Four Parenting Strategies to Better Connect With Your Child

Let’s face it, parenting is hard and can be challenging at times.  Whether your child is already enrolled as a student at Villa Montessori Preschool, or you are thinking about joining our community, we want to help you bring Montessori home by offering you some helpful parenting tips.  

At Villa Montessori Preschool, we strive to follow the principles developed by Dr. Maria Montessori who believed in nurturing the whole child — academically, emotionally, physically, and socially.  We believe that this can best be accomplished when school and home are working towards the same goal together – nurturing a curious learner who is independent and confident.  By incorporating some key Montessori principles into your parenting, you will likely cause your child to feel more heard, seen and valued in your family.  You will also find that you and your child will have a closer, more connected relationship as you meet your child’s needs and interests.  

By applying a few Montessori parenting strategies that can be learned and practiced by any parent, we hope to help you build that connection.  The first step is better engagement and here is how you can start today…

Guide The Child

There is a saying that all Montessorians use and absolutely believe in – “follow the child.”  But what does this actually mean?  There is a common misconception that “follow the child” means that the child has complete freedom to do whatever they want whenever they want.  This could not be further from the truth!  Rather, the true meaning is that teachers and parents alike can build trust and a respectful relationship with the child by using observations to see where their interests lie, and can use these observations to guide the child’s natural path.  

Follow the child means noticing what your child is interested in and finding a way to work that into your life.  Find out what your child is interested in today.  Follow the child may mean a trip to the park with climbing equipment, if you see them climbing all over the furniture; or it might mean a long walk where you may not get far because your child is interested in stopping frequently and examining an insect or plant.  

Set Safe Limits

Setting safe limits is also an important part of guiding the child.  Even though they may be interested in an activity, it is ok to step in and stop behavior that is not acceptable or that you don’t like.  Children want independence and freedom to discover life on their own, but they also need boundaries to help them feel safe.  For example, they may have the freedom to choose what book to read at bedtime, but the limit is they can only choose four books.  Remember that young children crave order and predictability and need to know the clear boundaries we set as parents.  When these boundaries are blurred is when children begin testing their limits to see what is and is not acceptable, until they can predict their boundaries again.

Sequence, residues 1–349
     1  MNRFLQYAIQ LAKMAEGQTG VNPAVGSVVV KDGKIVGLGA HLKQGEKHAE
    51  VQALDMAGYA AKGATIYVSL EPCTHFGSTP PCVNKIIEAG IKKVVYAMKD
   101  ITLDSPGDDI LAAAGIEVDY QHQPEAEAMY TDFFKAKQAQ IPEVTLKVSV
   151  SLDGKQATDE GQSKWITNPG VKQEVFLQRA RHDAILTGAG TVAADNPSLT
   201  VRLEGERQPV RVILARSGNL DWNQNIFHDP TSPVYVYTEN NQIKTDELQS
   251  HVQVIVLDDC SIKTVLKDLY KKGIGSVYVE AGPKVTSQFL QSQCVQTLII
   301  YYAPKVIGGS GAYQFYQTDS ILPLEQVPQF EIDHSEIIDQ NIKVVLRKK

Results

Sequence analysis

Discover Together

When our lives get busy, it is easy to lose sight of the fact that young children want to spend time with their parents.  You are, after all, your child’s first and best teacher.  You should do your best to spend time with your child indoors or outside.  So much joy comes from watching your child play and experience the world around them.  This precious time together gives you the opportunity to learn your child’s needs and desires.  It is also important to realize that it’s not always about the toys that make the most noise or are the most popular. Children discover their place in the environment around them by feeling a part of their family’s daily activities. Involve your child in activities you do such as cleaning, reading, and cooking.  You will be surprised to discover that your child is capable of helping around the house.  Not only will they find enjoyment out of helping you, but they will also develop a sense of belonging that makes them feel wanted and valued as an integral part of their environment.  

Show vs. Tell

Setting up a play space where your child can reach things on their own fosters independence and confidence as they make their own decisions.  Showing a child how to do something versus just telling them how to do itgives them an opportunity to use all their senses in learning a new skill.  Providing ample opportunity for your child to use their own hands to discover how to do things is much more meaningful to them than just telling them what to do.  

Being a Montessori parent means being a connected parent who uses observations to better understand your child’s needs and interests.  Practicing these skills will bring a different dynamic to your relationship with your child and he or she will likely feel more secure and valued in your family.   

To learn more about Villa Montessori Stone Ridge and the key principles we use to educate the whole child – including children like yours – contact us at 703-327-0884 or info@VillaMontessoriStoneRidge.com to arrange a tour!

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